Case study

Chartered arbitrator — Dr Mohamed Raffa

After starting his career in finance, Mohamed now combines his knowledge with law to work as a prominent international arbitrator in the field

How did you get your job?

I started my career in finance, before making the switch to law. Over time, I built my arbitration experience and sat the relevant exams. To begin your career in this area, it's essential to have a minimum of three years' experience and cases under certain authorities, such as the International Chamber of Commerce (ICC).

For students who wish to build experience, I'd recommend pro bono work and volunteering in law clinics. I would also consider taking part in the International Commercial Arbitration Moot in Vienna. It's a great way to network, get advice and meet potential future clients.

How relevant is your degree to your job?

I have a law degree, as well as an LLM in International Arbitration from Robert Gordon University. In 2017, I obtained a PhD in Banking and Financial Arbitration from the University of East London. My financial background and PhD has really helped me speak the same 'language' as my clients. It's enabled me to become an expert in this field and build my credibility in the sector.

Of course, my LLB and LLM are also relevant, as they've given me the solid legal knowledge to go on and specialise my practice.

What is the work of an arbitrator like?

Firstly, a good arbitrator should never accept more than six cases a year. This then gives you 45 - 60 days for the majority of the process: gathering evidence, organising and attending hearings and making the final decision. Some sectors, such as finance, need results very quickly, so I have to take this into consideration. A typical day involves working on the arbitration process mentioned above. I combine this with my teaching duties.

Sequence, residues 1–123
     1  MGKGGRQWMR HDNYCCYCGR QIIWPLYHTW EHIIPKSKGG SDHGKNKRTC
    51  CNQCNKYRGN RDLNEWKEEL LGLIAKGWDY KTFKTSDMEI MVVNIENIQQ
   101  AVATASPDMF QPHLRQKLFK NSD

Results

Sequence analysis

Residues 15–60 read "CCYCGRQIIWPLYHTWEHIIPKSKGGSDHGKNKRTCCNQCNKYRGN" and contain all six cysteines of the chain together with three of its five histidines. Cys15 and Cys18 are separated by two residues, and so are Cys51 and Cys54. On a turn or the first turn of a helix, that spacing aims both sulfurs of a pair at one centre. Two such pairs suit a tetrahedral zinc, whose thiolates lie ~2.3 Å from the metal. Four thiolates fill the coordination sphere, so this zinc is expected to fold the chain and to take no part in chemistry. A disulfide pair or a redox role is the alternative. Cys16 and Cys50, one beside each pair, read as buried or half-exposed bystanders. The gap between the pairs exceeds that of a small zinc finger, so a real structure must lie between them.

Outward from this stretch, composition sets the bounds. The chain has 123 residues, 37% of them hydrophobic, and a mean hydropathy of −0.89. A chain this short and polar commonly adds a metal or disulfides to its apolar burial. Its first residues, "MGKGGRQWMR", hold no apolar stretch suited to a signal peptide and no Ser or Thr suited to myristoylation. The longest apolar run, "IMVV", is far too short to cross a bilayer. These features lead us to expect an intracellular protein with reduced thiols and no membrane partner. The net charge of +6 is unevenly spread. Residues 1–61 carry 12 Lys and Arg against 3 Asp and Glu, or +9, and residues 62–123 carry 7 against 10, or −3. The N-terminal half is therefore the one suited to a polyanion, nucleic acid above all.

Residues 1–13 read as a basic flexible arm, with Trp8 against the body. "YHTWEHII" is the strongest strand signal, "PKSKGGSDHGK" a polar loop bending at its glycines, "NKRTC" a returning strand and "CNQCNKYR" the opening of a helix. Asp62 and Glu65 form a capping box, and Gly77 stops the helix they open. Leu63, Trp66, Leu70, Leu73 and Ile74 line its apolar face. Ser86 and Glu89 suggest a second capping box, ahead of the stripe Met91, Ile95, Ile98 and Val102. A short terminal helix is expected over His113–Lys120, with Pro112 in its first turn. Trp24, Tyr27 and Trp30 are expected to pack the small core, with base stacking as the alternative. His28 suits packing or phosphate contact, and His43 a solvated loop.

What do you enjoy about the job?

It is a very interesting and varied job. I enjoy being able to use my knowledge and skills to help get the best possible result(s) for my clients and network.

What are the challenges?

Being an arbitrator is very busy and it takes a lot of concentration. Also, because you're the only judge (like the solo captain of a ship), there's a heavy duty on you to make the right decision. I can sometimes feel that pressure.

How has your role developed and what are your career ambitions?

Whilst I am still a practising arbitrator, my role has developed to also include teaching. I'm currently a lecturer and Director of Training at the Chartered Institute of Arbitrators. I'm also a lecturer of law at Coventry University London. It's so rewarding to be able to pass my experience to others.

In the future, I wish to build connections with the Chartered Institute of Arbitrators and higher education institutions, to widen opportunities for students to obtain chartership status.

Any words of advice for aspiring arbitrators?

  • Learn a language which is business relevant. This is a really big selling point and great way to market yourself, especially if you wish to become an international arbitrator. Words to an arbitrator are like a paintbrush to an artist. They are the tools to your career in this area of law.
  • Qualifications are also important, so make sure you have them as well as the relevant experience.
  • Work in a law firm which specialises in arbitration. The financial rewards are better and you'll be able to more easily build your experience and reputation. After this, you can consider self-employment or consultancy work.

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